Emma Thompson is hilarious as Bridget's no-nonsense OG/GYN.

Emma Thompson is hilarious as Bridget’s no-nonsense OG/GYN.

It’s nice to have the original Diary gang—or most of them—back, including many of the supporting players (like Bridget’s parents and pals). Zellwegger and Firth pick up where they left off, just as their characters do, after more than a decade apart; the absence of Hugh Grant’s caddish Daniel Cleaver, Bridget’s other love from the previous two films, is explained early in the movie, with a dry twist of British wit. Dempsey slides right into his role like a sweet slice of blue-eyed American pie.

And Emma Thompson, who was also one of the screenwriters, shines as a bright comedic charm as Bridget’s no-nonsense OB/GYN. There’s a very cool cameo from Grammy-winning British singer-songwriter Ed Sheeran.

So how did Bridget end up here again? The important thing is the little bundle of joy she leaves with two hours later, and the laughter—and the surprises—along the way.

—Neil Pond, Parade Magazine

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Super(cool) Spies

‘Kingsman’ makes other spy flicks look old, slow and tame


Kingsman: The Secret Service

Starring Colin Firth, Taron Egerton, Samuel L. Jackson & Michael Caine

Directed by Matthew Vaughn


Move over, James Bond—or get blown off the road. Some new supercool spy guys—and gals—have just laid claim to the multiplex, and they make just about everything that came before them look old, slow, tame and even lazy.

Kingsman: The Secret Service, based on a 2012 Marvel Comics-distributed series, takes the spy game to wildly adventurous, dizzily fun-tastic new heights of both homage and spoofery. Colin Firth, the Oscar-winning British actor best known for his roles in dignified historical dramas (The Kings Speech; A Single Man; Tinker, Tailor, Soldier, Spy) makes his smashing “action-lead” debut as Harry Hart, the top agent in this international intelligence agency of high-ranking, impeccably dressed, lethally trained gents organized in the mid-1850s as a latter-day Knights of the Round Table to “preserve peace and protect life.”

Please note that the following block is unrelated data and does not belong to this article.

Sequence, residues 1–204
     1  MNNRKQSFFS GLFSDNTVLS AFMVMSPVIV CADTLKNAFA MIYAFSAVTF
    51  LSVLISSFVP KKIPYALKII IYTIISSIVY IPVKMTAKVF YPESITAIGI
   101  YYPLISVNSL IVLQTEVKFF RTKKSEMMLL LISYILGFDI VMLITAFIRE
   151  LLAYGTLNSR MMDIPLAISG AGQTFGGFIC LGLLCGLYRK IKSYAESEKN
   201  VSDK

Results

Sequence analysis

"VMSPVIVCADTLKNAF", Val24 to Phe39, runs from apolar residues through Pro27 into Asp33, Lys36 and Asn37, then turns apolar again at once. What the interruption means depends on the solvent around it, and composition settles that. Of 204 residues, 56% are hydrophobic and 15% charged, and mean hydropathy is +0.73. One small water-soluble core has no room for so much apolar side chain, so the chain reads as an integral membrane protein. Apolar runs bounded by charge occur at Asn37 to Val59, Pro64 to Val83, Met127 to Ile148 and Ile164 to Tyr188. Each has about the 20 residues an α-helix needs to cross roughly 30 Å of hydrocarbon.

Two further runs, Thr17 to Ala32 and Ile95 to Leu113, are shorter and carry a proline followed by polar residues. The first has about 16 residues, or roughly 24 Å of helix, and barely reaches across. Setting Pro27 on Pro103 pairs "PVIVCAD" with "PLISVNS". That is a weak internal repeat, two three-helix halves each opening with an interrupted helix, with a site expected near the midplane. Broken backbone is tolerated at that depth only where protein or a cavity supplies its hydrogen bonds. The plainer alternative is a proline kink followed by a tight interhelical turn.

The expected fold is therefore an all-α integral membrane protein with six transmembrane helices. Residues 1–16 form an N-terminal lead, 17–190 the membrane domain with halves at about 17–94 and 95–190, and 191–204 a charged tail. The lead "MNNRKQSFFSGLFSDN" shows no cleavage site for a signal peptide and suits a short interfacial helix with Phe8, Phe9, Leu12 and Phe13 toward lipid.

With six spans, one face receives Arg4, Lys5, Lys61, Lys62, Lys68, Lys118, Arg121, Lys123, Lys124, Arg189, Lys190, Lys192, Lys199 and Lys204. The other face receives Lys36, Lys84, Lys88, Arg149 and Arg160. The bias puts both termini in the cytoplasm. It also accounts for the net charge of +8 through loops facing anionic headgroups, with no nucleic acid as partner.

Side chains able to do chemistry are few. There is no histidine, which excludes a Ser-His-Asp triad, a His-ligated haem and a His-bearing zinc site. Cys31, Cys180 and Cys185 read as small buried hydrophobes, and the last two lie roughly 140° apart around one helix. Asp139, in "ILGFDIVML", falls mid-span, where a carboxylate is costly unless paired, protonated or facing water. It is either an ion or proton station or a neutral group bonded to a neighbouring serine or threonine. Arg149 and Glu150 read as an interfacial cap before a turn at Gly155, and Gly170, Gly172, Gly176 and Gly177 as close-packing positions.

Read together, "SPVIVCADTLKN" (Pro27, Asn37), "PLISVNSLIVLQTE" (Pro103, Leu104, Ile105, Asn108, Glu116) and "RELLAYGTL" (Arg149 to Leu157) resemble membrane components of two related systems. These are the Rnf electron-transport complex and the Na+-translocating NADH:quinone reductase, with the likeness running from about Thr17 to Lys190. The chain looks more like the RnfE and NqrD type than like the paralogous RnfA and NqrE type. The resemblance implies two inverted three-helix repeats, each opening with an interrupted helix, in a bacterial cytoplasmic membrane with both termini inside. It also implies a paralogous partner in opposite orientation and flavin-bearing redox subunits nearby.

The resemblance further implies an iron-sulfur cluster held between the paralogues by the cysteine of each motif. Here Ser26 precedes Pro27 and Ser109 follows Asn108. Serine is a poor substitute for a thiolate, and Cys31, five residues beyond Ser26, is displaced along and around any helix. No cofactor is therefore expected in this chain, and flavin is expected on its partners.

Taron Egerton & Colin Firth

Newcomer Taron Egerton is “Eggsy” Unwin, the streetwise London lad whose fate leads him into the ranks of the Kingsman elite. And Samuel L. Jackson plays, well, basically Samuel L. Jackson, as an evil, lisp-y philanthropist billionaire whose altruistic façade hides a super-sinister plan of global domination.

Michael Caine is aboard as the Kingsmen’s top dog; Mark Strong has a key role as his senior officer; and Algerian-born dancer Sofia Boutella makes a memorable impression as the high-hopping villainess Gazelle, who slices and dices foes to ribbons with her razor-sharp prosthetic feet. Mark “Luke Skywalker” Hamill—of Stars Wars fame—plays a college professor appearance is a bit of an inside joke that will delight readers of the comic book, which featured a character with the actor’s name.